Forecasting Audiences: It’s Essential, But No One Said It Was Easy

By October 24, 2016clypd Blog

Linear TV is a futures market: deals are agreed ahead of campaigns being aired, usually with an agreement that a particular audience level will be delivered. For this to work as efficiently as possible, good audience forecasts are essential. Where forecasts are wrong, the media owner either over delivers, effectively giving away audiences for free, or under-delivers, requiring additional inventory to be added to the campaign for free.

Forecasting is a lesson in humility because no one gets it right all the time (Exhibit A: the media’s current favorite geeky guru, Nate Silver, who failed to predict that Donald Trump would be the Republican presidential nominee). No forecast is perfect and no forecasting model is good for all time, because the landscape is always changing.

TV audience forecasts have to be made for all shows, including premieres, and while these new shows may have tested better than others before being put on the air, they may subsequently fail to bring the expected audience, either because expectations are surpassed (“it’s a big hit! We always knew it would be!”) or, sadly, not met and the show is canceled.

For a network that is trying to predict “business as usual” with its programs, the relative stability of audiences and share of viewers for programs and networks makes forecasting viable, but issues such as competitive activity, weather, seasonality, changing cable carriage agreements and viewing shifts to subscription VOD services all introduce varying levels of uncertainty.

And then there are unprecedented events. A great example of this is what happened with FXX in 2014. The chart below shows the Nielsen Live+3 average ratings for Adults 18+. It’s clear something big happened in August 2014, and thereafter the ratings shifted to a level about 50% higher than pre-August 2014 levels.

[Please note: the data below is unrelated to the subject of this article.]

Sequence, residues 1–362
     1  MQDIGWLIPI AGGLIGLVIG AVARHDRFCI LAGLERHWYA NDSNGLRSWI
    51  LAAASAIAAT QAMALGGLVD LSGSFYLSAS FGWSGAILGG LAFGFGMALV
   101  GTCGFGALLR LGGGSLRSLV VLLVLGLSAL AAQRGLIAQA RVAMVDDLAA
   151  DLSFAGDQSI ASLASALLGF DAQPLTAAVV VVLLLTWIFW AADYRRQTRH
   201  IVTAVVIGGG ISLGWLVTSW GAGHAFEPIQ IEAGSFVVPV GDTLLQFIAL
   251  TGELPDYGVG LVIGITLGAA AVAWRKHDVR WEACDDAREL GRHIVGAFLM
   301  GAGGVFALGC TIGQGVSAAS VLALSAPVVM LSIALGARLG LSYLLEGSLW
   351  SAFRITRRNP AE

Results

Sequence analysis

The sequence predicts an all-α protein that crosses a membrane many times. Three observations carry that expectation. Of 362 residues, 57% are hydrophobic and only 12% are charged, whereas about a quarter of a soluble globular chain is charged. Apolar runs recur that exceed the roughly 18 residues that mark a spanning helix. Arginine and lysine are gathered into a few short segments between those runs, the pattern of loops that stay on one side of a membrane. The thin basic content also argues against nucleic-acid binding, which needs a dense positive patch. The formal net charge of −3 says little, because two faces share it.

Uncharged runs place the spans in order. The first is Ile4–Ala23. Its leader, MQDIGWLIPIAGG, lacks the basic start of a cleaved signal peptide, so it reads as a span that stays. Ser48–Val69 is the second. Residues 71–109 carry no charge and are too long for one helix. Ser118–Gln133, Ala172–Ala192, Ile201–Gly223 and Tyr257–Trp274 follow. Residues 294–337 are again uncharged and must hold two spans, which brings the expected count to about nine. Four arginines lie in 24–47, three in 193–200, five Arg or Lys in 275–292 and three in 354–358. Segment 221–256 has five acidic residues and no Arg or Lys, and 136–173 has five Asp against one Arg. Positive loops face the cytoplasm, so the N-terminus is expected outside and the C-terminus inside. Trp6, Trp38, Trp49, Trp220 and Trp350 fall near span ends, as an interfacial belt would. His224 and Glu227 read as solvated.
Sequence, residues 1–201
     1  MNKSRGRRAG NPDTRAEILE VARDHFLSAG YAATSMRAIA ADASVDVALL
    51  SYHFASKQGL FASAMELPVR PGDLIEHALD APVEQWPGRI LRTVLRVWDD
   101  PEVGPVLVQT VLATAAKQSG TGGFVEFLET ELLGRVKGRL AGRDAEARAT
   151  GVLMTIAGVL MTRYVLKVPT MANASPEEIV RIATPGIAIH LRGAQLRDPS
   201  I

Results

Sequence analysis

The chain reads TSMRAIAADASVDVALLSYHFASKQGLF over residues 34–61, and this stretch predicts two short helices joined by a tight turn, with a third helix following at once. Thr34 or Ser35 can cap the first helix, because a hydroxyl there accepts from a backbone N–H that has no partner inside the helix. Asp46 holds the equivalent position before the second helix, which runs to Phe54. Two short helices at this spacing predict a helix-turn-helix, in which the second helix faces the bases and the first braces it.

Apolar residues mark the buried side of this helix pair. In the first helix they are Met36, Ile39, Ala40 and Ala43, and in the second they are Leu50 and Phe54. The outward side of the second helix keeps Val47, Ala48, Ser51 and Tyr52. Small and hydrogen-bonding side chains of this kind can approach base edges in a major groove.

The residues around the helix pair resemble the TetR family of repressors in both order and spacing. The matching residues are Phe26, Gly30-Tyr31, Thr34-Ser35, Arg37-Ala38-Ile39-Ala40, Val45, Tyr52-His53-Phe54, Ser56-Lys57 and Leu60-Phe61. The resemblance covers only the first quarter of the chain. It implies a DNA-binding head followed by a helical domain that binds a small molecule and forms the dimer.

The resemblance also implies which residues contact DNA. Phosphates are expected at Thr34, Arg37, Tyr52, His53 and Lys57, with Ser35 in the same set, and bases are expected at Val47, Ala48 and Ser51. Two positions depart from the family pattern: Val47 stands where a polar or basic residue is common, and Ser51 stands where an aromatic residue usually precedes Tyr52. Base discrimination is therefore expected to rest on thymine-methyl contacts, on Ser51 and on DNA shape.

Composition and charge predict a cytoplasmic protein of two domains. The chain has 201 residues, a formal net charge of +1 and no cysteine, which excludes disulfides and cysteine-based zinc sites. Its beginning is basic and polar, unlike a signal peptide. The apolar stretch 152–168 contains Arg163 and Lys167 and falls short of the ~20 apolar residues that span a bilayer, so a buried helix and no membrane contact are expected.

fxxdailyratings

So what happened? If we drill deeper we see the shift in ratings beginning on August 21st. Some readers may recall what caused this shift: in 2013, FXX acquired broadcast syndication rights to “The Simpsons”. The FXX series premiere took place on August 21, 2014 with a 12 day marathon of all episodes broadcast in chronological order, plus The Simpsons Movie. With 522 episodes aired, this was the longest continuous marathon in the history of television, lasting 12 days. The first day of the marathon gave FXX its biggest ever ratings since launching in 2013 and these ratings continued to rise during the twelve days.

Did FXX know this would happen? They probably expected a lift in ratings, but they almost certainly did not know how high, and they were probably unable to predict the long-term improvement in ratings for the network that occurred.

fxxratings2

Exceptions are always a problem with statistical models – a typical question asked of any TV audience prediction model is “but what about the Super Bowl?” The answer is usually something like “that would be treated separately…” That is a reasonable response for known events but not all are known – news events are not scripted. And events like FXX’s Simpsons marathon, while planned, are very difficult to forecast.

So forecasting is difficult but essential, and forecast models should be viewed as a journey rather than a destination, as the world changes every day and a forecast you made yesterday can be improved today. But let’s leave Homer Simpson with the last words: “Son, if you really want something in this life, you have to work for it. Now quiet! They’re about to announce the lottery numbers.”

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